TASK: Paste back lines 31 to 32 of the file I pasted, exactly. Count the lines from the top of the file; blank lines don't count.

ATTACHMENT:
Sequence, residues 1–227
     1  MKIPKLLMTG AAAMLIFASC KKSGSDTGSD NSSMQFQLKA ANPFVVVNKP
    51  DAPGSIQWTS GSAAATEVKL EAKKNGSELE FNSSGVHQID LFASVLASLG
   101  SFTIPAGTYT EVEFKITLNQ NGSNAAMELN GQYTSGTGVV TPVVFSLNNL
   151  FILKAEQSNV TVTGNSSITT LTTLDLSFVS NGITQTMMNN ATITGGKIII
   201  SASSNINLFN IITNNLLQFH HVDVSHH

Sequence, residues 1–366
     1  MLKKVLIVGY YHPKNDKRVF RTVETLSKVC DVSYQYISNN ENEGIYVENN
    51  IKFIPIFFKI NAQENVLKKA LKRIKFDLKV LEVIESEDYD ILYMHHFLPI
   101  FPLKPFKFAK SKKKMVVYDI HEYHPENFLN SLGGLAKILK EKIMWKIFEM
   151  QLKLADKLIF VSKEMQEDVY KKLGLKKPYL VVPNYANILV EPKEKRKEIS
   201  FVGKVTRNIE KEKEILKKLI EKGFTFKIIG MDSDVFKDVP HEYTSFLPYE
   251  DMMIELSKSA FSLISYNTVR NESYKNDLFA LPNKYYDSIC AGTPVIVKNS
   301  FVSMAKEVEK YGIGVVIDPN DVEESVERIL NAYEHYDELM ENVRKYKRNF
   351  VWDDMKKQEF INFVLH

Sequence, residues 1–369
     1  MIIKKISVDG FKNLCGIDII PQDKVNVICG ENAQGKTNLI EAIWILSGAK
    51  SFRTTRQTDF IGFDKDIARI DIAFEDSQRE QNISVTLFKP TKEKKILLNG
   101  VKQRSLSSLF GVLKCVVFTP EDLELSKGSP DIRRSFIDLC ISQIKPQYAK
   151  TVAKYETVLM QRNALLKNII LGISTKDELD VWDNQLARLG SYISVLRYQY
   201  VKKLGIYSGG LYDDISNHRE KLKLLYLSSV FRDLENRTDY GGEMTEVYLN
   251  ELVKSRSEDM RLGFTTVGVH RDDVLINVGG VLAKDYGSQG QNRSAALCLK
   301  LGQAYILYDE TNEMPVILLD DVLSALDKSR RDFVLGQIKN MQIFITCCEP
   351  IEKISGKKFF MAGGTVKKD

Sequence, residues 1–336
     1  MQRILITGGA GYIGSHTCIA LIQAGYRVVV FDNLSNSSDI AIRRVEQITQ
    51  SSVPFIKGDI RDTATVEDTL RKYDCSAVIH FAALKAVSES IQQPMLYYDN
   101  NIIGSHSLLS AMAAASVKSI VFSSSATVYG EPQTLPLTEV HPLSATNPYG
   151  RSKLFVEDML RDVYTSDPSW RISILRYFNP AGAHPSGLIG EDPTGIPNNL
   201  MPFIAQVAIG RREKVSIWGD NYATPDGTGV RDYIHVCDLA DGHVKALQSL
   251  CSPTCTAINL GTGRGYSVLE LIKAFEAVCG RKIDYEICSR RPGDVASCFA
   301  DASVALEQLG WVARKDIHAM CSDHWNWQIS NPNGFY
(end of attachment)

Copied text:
   251  CSPTCTAINL GTGRGYSVLE LIKAFEAVCG RKIDYEICSR RPGDVASCFA
   301  DASVALEQLG WVARKDIHAM CSDHWNWQIS NPNGFY